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This archaeologist shut down this anti-trans talking point in the best way possible

Lots of conservatives like to think science is on their side when it comes to transphobia. Newsflash: it isn’t, and one trans archaeologist proved it once again in a now viral post.

Owen Hurcum is a PhD researcher in transgender archaeology at the University of York. (They also happen to be the former mayor of Bangor, Wales, making them the first nonbinary mayor in the world.) On X, Hurcum used their archaeology expertise to shut down a common anti-trans argument.

“Do you know who disagrees the most with the Transphobic saying ‘when an archaeologist digs up your bones you’ll still be male/female’?” Hurcum asked. “Archaeologists. I tell my colleagues transphobes say this and we all laugh because that is not how Archaeology works at all!”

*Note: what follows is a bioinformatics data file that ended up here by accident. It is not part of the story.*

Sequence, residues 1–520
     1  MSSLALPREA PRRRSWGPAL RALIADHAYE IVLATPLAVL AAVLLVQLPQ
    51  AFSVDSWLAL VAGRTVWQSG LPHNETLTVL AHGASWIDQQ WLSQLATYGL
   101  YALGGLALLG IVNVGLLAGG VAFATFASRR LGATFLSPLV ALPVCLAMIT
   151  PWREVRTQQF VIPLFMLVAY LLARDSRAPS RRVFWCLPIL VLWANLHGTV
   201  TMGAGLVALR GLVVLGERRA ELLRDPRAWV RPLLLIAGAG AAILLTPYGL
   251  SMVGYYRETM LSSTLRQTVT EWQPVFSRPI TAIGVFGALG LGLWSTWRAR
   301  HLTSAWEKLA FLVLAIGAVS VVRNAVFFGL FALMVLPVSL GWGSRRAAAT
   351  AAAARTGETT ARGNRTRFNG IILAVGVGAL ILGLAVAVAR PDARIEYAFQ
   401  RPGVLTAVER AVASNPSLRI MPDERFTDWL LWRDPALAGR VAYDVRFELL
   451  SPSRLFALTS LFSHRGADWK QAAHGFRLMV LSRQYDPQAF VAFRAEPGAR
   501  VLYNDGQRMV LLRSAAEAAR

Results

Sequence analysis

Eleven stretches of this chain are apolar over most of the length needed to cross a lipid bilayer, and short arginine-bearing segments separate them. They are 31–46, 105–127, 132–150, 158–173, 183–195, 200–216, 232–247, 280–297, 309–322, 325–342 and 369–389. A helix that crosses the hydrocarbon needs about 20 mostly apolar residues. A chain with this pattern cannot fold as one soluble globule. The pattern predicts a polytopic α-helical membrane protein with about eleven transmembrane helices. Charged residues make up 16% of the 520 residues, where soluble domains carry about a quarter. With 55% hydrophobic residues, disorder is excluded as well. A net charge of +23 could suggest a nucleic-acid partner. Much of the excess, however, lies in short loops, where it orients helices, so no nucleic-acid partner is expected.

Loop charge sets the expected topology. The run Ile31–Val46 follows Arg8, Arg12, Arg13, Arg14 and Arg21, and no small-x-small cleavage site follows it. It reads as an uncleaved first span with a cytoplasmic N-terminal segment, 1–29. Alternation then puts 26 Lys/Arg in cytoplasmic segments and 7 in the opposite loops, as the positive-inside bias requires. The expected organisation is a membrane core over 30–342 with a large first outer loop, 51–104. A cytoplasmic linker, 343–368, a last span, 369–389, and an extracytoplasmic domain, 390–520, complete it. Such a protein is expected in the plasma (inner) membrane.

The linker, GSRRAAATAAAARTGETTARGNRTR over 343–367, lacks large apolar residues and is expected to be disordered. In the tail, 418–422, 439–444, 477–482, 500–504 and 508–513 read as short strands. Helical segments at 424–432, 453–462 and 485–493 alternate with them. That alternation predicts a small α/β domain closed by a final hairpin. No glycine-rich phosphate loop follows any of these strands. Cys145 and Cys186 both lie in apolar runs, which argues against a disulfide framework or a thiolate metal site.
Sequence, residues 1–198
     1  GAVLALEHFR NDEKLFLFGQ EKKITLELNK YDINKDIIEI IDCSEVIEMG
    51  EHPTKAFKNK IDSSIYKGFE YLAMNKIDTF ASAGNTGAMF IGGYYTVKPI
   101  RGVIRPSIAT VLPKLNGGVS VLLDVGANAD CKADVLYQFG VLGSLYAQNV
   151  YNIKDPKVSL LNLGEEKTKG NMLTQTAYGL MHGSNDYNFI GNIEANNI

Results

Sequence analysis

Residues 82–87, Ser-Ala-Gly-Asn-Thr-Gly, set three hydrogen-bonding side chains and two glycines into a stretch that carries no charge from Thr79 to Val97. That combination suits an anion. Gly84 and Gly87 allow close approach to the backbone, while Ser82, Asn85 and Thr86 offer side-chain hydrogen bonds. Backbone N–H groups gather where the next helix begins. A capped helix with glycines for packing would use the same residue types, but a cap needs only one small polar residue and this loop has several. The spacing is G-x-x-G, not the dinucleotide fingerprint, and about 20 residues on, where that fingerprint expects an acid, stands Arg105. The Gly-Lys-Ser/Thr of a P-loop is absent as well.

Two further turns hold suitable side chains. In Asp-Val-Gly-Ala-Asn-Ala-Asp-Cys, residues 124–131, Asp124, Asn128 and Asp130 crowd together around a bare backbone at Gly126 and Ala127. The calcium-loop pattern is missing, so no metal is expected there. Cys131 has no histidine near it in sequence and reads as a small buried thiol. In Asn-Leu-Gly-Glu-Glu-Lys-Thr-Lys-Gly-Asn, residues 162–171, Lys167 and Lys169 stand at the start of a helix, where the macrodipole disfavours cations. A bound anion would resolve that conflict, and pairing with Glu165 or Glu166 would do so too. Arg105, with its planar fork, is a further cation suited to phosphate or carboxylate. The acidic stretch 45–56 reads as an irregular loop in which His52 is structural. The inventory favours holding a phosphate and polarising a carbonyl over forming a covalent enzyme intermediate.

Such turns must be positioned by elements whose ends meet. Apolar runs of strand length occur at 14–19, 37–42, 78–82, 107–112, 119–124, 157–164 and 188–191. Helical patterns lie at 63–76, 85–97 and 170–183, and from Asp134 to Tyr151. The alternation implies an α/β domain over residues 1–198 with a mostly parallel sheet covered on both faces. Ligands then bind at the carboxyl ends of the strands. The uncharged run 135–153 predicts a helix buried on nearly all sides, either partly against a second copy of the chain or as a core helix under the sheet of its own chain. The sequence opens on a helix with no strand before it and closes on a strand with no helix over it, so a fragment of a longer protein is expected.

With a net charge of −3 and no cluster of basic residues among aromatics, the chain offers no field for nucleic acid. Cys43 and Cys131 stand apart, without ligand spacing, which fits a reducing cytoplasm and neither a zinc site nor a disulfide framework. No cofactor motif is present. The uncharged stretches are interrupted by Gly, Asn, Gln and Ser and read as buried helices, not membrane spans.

“Archaeology has been talking of genders beyond the binary for 50 years,” Hurcum continued. “Debates in Gender Archaeology focus on how to identify a multiplicity of gender with all its nuance or if Archaeologists can even see gender at all, not if there are more than two genders. That’s settled.”

Though archaeology is a complicated field, Hurcum’s point boils down to the fact that when actual archaeologists study human remains, they don’t turn to anatomy to determine the body’s gender. Rather, archaeologists are more interested in the social role that person played, which they can deduce from the way they were buried and the things they were buried with. Trans and nonbinary people have just as much a place in history as cis folks, a fact Hurcum and others in their field are well aware of.

Hucrum’s post was met with support from many other archaeologists (and archaeology enthusiasts), who agreed that the transphobic idea of skeletons as the be-all-end-all of gender is ludicrous.

For anyone looking to dig deeper into the intersection of transness and archaeology, Hucrum’s got you covered with a list of introductory essays.

“We must show the lies that those opposed to transgender rights espouse so as to justify their position,” they wrote when they posted the list in April of this year. “Our community has a history, it has an archaeology, and these must be championed.” Check out their thread of resources below.

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